“Dear sir: In further answer to your very kind letter of a few days ago making inquiry as to the work of our graduates and ex-students, I would say that one of our officers is employed almost continuously in visiting and inspecting the work being done by the men and women that we turn out, and he makes periodical reports to me of what he finds, and I take the liberty of enclosing to you a copy of the last report which he sent in. An analysis of this report will show that 57 cases are covered. Four are engaged wholly in teaching, 27 work wholly at their trades, 26 teach in connection with working at their trades. Yours truly,”-Booker T. Washington, “July 9, 1903”
Presidential Commentary by Dr. Brian Johnson
Nothing is more exhilarating-aside from reporting and conveying high rates of alumni giving percentages-for a president of a university to take delight in reporting about his or her alumni than reporting upon their individual successes in their fields of study. Make no mistake, the pride and strength of any institution is its students and its graduates for these individuals represent the core mission and vision-the tradition and trajectory-of any institution of higher learning. Long before the nomenclature of an “outcomes-oriented organization” became commonplace in American higher education, here you find the founding principal and president of Tuskegee (Institute) University providing data-informed responses to inquiries with respect to his graduates. Note, there is not a single day in the life of a university president where he or she is not requested to provide documentable, evidence-based and outcomes-based responses regarding the successes of their institution. Though somewhat rudimentary in 1903, Mr. Washington, all the same, provided “facts” not “floating tales” in the form of a “periodical report” that he is able to readily provide to any would-be supporter or detractor concerning his work at Tuskegee (Institute) University. Here again, it is an extension of Mr. Washington’s often quoted maxim: “Let examples answer.” (It is simply unwise in any endeavor to offer words without accompanying and supporting works.) In this respect, Mr. Washington did not merely suggest that the sons and daughters of Mother Tuskegee were the very best and the brightest, he demonstrated it.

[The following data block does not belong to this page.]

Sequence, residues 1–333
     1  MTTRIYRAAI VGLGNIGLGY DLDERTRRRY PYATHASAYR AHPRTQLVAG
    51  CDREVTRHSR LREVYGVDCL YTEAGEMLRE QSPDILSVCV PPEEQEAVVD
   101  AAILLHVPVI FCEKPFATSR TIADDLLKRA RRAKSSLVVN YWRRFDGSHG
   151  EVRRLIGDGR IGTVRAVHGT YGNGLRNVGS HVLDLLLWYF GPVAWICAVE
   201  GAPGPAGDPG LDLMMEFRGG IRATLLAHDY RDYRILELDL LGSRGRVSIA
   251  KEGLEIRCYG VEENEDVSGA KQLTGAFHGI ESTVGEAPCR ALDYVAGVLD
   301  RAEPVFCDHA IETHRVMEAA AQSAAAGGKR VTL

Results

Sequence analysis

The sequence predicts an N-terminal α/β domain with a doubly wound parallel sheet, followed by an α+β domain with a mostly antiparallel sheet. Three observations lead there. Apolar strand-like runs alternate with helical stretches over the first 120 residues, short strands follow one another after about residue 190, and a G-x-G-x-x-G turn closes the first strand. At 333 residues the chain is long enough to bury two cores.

Brian L. Johnson, Ph.D.
7th President, Tuskegee University